Local experts share the latest information and resources on all things mental health.
Posted: March 15, 2017 by Patrick D Harvey
Marijuana as an industry, a culture, a habit, a lifestyle, a coping mechanism, and all the other things that its legalization has propelled it to become an issue mired in debate. The long-term effects of marijuana becoming more readily accessed and explored in all its variant forms (flower, extract, oils, edibles, ointments, etc.) remains to be seen and effectively studied by both scientists and many users. What has become clear is that there is great attention and normalization of its place in our community. What is your relationship with it and how is that relationship playing itself out in your life?
This article is far from a broad condemnation of medications, marijuana, or alcohol and their place in the world. It is however intended to give people a chance to reflect on their habits, their consumption, their preoccupation, their reliance, and their relationship with a substance that has the potential to hijack their life and shelve their other available coping mechanisms and sources of meaning.
Regarded by many as the source of so many things; calm, inspiration, enjoyment, relaxation, sleep aid, medicine, and numerous other virtuous remedies, it is not surprising that people guard their relationship with marijuana closely and fiercely. It makes sense. Traditional medicine and the western world's response to most of these ailments, that marijuana seems to resolve, has left a bad taste in the mouths of some patients.
As human beings we naturally have positive associations with things that are pleasurable and return to them for that positive sensation when triggered to do so, regardless of what the trigger may be; stress, fatigue, joy, boredom, etc. We can thank (or blame) the reward center of our brains for this response. Perhaps we can also find value in seeing where and when we crave reward in the face of adversity and/or pain?
Pain is information. It exists to let us know that something or some things are not as we need them to be in our lives. Sadly much of society and the traditional medical approach first seeks to eradicate the pain sensation rather than the pain source. You can't blame someone for wanting to do so. After all who enjoys pain? Would resolving the source of pain be more effective and less costly? Indeed it would and similarly it would require greater effort, more insight, and for some period of time, likely more discomfort.
The reliance upon and mass consumption of pain relievers from Oxycodone to alcohol to marijuana is ample evidence of our hurting humanity. Over-use of any of these substances is never beneficial to the consumer. The past year (2016) is evidence of the immediate and long-term effects of substance abuse, mental health challenges, and the failure to cope with life's challenges with the unfortunate loss of musical legends like Prince, George Michael, Glenn Frye, Butch Trucks, and others.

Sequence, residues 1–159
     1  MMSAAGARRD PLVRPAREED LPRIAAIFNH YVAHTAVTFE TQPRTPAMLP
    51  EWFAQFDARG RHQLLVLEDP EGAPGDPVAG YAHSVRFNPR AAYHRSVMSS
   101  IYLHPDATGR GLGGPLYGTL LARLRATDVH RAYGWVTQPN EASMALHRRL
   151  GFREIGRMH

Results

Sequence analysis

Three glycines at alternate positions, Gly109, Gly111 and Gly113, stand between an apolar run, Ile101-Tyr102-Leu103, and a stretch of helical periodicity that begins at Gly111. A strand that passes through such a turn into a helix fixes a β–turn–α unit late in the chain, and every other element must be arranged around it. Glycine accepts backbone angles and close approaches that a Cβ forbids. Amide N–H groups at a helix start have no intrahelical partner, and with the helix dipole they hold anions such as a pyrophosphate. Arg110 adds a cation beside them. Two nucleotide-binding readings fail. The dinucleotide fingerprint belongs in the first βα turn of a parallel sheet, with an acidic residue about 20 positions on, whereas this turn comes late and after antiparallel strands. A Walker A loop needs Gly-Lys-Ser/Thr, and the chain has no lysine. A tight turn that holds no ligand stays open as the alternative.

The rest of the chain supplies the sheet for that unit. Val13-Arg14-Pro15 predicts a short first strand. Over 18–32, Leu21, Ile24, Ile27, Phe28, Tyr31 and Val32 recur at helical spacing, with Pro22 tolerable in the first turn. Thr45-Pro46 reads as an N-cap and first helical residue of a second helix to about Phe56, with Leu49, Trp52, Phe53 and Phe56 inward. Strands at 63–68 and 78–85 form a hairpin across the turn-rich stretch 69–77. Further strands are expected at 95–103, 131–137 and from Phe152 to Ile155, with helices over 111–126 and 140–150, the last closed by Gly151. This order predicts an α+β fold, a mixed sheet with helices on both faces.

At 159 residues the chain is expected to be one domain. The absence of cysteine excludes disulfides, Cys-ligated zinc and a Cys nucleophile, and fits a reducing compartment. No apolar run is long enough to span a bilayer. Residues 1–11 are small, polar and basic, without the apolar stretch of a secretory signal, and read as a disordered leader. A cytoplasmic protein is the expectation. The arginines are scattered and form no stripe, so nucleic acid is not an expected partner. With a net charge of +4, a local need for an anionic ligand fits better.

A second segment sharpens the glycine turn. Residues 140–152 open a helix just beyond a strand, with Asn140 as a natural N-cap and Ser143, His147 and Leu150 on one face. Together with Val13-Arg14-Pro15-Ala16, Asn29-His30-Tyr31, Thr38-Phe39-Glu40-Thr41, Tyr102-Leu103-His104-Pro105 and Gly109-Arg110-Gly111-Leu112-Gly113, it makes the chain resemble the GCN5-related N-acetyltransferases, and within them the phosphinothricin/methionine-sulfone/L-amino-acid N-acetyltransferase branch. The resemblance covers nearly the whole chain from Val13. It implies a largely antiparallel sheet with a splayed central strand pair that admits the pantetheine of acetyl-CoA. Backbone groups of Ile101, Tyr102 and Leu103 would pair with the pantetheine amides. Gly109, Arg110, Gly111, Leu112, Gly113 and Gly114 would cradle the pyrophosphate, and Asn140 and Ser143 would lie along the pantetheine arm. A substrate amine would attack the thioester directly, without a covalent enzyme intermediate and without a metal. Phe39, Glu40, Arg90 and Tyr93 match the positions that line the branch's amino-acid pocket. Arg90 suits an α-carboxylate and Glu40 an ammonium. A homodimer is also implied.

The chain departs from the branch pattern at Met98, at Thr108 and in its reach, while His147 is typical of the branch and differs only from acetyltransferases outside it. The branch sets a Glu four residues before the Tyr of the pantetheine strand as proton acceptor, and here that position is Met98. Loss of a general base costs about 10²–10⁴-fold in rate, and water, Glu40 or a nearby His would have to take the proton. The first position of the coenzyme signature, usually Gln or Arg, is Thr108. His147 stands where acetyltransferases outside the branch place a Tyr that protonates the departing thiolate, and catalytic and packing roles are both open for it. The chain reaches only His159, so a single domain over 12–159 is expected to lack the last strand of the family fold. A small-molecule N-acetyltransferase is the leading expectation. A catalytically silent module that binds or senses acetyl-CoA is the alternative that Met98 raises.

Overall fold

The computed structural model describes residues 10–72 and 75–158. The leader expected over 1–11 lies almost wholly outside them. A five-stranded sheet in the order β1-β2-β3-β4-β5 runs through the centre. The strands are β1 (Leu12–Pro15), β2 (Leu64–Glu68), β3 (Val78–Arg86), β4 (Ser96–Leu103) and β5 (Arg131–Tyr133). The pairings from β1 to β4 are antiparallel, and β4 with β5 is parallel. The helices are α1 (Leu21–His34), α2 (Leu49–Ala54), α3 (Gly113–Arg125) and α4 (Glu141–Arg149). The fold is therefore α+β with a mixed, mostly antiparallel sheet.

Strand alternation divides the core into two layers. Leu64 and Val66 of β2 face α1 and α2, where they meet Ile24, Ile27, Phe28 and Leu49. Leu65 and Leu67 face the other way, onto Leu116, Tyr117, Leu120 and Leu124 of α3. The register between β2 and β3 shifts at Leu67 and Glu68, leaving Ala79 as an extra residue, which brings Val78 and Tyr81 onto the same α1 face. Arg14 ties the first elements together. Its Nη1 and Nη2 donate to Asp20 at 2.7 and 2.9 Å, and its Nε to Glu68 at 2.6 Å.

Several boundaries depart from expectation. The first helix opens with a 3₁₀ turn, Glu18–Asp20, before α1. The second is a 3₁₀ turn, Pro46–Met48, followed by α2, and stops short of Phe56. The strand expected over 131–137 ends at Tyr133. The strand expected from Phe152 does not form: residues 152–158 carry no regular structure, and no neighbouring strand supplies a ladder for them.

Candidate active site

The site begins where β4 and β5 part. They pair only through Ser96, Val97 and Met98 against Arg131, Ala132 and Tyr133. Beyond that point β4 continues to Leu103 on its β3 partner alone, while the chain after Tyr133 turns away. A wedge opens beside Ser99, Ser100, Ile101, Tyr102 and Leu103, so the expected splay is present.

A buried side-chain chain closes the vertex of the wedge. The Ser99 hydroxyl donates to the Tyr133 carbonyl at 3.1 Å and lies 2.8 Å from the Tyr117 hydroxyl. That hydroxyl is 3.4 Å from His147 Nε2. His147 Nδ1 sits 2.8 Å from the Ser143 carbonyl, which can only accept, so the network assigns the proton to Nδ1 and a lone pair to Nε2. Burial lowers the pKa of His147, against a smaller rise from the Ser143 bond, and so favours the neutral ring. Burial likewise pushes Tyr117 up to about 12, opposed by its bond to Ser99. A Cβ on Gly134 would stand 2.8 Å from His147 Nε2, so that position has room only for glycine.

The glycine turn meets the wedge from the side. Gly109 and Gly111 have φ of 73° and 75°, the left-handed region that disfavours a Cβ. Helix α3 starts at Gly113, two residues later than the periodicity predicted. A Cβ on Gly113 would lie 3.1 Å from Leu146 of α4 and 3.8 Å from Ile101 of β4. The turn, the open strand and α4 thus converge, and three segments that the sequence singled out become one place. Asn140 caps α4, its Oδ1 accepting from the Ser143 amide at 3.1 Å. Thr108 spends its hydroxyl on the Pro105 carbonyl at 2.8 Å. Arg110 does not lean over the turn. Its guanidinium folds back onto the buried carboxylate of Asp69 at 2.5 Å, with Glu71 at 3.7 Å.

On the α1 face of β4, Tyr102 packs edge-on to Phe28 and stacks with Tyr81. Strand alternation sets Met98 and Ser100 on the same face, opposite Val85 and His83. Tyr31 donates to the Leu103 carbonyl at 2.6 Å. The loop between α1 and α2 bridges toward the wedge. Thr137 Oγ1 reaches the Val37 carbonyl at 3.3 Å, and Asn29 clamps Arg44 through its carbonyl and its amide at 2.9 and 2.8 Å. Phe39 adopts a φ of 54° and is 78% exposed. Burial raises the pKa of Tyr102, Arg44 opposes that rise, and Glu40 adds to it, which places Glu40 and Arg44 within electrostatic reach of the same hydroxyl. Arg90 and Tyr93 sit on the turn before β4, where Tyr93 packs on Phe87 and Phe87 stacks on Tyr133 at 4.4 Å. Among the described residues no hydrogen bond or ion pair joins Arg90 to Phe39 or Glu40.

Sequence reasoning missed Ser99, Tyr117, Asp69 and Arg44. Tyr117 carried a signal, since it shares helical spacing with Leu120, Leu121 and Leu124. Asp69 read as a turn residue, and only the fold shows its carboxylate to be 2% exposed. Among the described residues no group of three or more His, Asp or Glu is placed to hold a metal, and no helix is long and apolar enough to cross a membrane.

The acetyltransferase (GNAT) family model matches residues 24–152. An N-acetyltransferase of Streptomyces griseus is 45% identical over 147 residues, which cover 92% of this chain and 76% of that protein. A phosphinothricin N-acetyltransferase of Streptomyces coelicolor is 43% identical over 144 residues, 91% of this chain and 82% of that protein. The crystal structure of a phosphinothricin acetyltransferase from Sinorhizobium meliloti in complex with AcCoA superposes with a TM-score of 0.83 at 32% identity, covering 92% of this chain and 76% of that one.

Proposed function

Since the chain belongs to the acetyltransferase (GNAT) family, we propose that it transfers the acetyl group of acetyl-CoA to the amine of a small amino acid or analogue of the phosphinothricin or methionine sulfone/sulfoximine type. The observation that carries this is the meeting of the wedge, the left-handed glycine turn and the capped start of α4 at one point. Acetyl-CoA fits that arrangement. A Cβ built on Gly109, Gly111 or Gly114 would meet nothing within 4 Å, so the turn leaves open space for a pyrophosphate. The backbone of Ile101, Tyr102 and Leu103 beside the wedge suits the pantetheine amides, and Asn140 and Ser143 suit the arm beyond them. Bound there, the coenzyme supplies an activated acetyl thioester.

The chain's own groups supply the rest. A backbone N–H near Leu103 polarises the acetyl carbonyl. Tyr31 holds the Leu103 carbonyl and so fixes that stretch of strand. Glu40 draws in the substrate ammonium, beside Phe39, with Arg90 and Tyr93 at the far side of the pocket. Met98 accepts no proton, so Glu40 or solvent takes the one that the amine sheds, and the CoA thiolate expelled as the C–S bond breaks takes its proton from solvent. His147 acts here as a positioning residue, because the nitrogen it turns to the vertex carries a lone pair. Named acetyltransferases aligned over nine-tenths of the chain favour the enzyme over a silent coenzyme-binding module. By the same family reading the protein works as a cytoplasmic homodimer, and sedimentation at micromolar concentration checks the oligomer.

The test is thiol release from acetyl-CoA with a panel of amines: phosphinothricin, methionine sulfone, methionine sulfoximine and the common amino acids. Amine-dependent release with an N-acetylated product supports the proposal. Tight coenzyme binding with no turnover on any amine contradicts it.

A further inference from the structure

On the other side of the coin, one can point to other instances of people using prescription medication, alcohol, marijuana, etc. while leading healthy and productive lives. It is no doubt possible to be a responsible consumer of certain substances and still be a functional, productive, respectable, positive individual leading a meaningful life. The legalization of marijuana in Oregon has allowed many previously closeted consumers to step into the light and demonstrate that reality.
Does marijuana serve to calm you in times of stress, motivate you in times where that is lacking, help you sleep better, reduce your pain, clarify your thoughts, or increase your pleasure in mundane activities? All of these are reasonable and desirable outcomes, so who can blame anyone for seeking them? Yet the better question may be, why are those challenges in the first place?
Excessive stress suggests deficits in managing life to reduce sources of stress such as relationship issues, dissatisfaction with work, the state of the world at large, financial hardship, etc. Paying proper attention and putting in the required effort to resolve any of these challenges can eradicate the reliance on something outside of yourself (marijuana, alcohol, pills). What is often needed is a reconnection with meaningful activities and a reconnection with purpose in one's life.
The counseling process with a therapist that understands both the dynamics of life's challenges and the reasonable yet not fully effective strategies tried already to fix them can lead to a more complete life. Should you be reconsidering how things might be better in your life and the place that marijuana and other substances has in your life, know that counseling support exists to walk with you as you strive to be the best you. Must better living and marijuana/substance use always be mutually exclusive? Engage with effective and knowledgeable counseling support and find out for yourself.
Tags: addiction and behavior